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I am writing a physics simulator in C++ and am concerned about robustness. I've read that catastrophic cancellation can occur in floating point arithmetic when the difference of two numbers of almost equal magnitude is calculated. It occurred to me that this may happen in the simulator when the dot product of two almost orthogonal vectors is calculated. However, the references I have looked at only discuss solving the problem by rewriting the equation concerned (eg the quadratic formula can be rewritten to eliminate the problem) - but this doesn't seem to apply when calculating a dot product? I guess I'd be interested to know if this is typically an issue in physics engines and how it is addressed.

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maybe something for math.stackexchange? –  Tom Knapen Jan 15 '12 at 11:11
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@TomKnapen - While the question is probably in scope for math.stackexchange, the faq at that site suggests using SO for questions about algorithm implementation. This question belongs here. –  Ted Hopp Oct 30 '12 at 5:59
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2 Answers

One common trick is to make the accumulator variable be a type with higher precision than the vectors itself.

Alternatively, one can use Kahan summation when summing the terms.

Another approach is to use various blocked dot product algorithms instead of the canonical algorithm.

One can of course combine both the above approaches.

Note that the above is wrt general error behavior for dot products, not specifically catastrophic cancellation.

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Thanks for your answer... it seems that those solutions address round-off errors rather than cancellation though. In my example, I am calculating a dot product of 2d vectors, x1*x2 + y1*y2 (where the variables are floats). I don't think converting them to doubles would solve the issue of cancellation (though it might make it less frequent). If x1*x2 is almost the same magnitude as y1*y2, then I also don't see how the Kahan algorithm would address the cancellation problem that would occur... it seems more to do with minimising error accumulation in multiple sums. –  Kovsa Jan 15 '12 at 11:52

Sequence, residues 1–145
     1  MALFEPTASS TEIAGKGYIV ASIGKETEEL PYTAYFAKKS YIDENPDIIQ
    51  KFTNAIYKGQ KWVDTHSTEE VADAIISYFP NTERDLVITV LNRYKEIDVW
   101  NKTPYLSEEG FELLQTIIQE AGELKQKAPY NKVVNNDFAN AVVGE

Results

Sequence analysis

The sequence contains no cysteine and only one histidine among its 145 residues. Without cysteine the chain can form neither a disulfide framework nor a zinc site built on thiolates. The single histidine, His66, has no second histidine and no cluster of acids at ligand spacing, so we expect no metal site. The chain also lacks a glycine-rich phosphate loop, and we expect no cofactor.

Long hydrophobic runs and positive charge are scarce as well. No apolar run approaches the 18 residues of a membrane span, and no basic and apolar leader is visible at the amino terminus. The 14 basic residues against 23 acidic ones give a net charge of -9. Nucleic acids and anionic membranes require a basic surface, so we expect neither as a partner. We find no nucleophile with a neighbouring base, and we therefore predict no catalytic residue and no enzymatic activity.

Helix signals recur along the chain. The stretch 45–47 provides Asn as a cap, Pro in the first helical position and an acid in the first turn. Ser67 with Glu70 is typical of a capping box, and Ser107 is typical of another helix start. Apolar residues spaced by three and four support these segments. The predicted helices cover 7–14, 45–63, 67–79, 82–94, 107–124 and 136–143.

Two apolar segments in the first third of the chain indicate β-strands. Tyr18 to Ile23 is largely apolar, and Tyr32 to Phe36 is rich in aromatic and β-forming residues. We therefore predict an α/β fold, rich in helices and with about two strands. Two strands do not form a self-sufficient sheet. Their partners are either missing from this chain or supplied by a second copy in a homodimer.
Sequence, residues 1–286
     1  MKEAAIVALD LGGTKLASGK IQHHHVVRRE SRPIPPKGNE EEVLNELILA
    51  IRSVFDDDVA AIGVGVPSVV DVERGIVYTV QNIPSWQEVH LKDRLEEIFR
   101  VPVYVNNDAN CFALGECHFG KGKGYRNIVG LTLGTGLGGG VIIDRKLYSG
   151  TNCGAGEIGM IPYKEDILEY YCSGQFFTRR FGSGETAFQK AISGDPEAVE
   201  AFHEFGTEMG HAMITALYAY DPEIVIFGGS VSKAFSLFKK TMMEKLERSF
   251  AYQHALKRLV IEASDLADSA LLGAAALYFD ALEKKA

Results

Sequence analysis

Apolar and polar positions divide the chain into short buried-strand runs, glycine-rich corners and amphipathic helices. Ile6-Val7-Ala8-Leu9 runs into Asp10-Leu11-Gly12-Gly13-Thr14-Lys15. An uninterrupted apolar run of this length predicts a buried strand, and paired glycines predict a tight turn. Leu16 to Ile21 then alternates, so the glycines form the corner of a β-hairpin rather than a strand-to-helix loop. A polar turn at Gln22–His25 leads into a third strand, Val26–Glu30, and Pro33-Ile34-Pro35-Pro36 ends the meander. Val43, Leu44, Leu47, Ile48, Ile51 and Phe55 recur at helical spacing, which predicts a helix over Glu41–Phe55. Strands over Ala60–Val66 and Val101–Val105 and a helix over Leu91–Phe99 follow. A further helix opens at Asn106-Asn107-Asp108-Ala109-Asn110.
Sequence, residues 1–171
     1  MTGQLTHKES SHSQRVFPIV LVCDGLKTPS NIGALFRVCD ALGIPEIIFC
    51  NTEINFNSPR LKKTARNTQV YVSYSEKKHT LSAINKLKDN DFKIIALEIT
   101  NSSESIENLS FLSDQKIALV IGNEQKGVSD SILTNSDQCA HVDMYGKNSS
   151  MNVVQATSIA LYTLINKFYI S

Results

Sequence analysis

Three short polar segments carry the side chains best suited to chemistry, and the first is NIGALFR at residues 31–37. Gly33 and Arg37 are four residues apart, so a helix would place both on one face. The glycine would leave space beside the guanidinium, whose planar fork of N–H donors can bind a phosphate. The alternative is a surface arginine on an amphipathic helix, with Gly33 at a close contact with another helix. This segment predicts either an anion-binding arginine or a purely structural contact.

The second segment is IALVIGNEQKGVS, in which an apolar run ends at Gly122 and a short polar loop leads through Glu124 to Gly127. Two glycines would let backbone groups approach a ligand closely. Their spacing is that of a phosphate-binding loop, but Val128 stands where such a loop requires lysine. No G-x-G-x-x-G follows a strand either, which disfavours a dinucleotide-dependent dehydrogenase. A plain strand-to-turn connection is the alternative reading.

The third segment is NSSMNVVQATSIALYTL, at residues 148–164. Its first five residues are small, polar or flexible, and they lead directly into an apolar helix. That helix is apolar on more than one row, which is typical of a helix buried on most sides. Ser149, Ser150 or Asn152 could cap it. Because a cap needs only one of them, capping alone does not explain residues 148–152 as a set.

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You say in a comment that you have to calculate x1*x2 + y1*y2, where all variables are floats. So if you do the calculation in double-precision, you lose no accuracy at all, because double-precision has more than twice as many bits of precision as float (assuming your target uses IEEE-754).

Specifically: let xx, yy be the real numbers represented by the float variables x, y. Let xxyy be their product, and let xy be the result of the double-precision multiplication x * y. Then in all cases, xxyy is the real number represented by xy.

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+1: This sounds correct. If you have already lost the precision before you get to the dot-product, then there is nothing you can do to get it back. By doing the calculation in double-precision, you introduce no further error, at least for the case where you only have two terms. –  Oli Charlesworth Jan 15 '12 at 13:37
    
I suppose the problem is that the original float values are only rounded approximations of real numbers to start with, and so although performing the dot product in double precision doesn't introduce any more rounding errors (until you convert the value back to float anyway), the cancellation problem would still exist, because the dot product is operating on approximate values to start with (since catastrophic cancellation occurs when the error in these original values becomes dominant by subtracting them) - converting them to double doesn't make the original values more accurate. –  Kovsa Jan 16 '12 at 2:15
    
I guess using doubles globally would help, since the original values would then be more accurate, but still it seems to me that as long as the two vectors were close enough to orthogonal then this problem would still occur. So basically converting to doubles globally might make the problem less frequent, but it doesn't seem to avoid it completely? –  Kovsa Jan 16 '12 at 2:16
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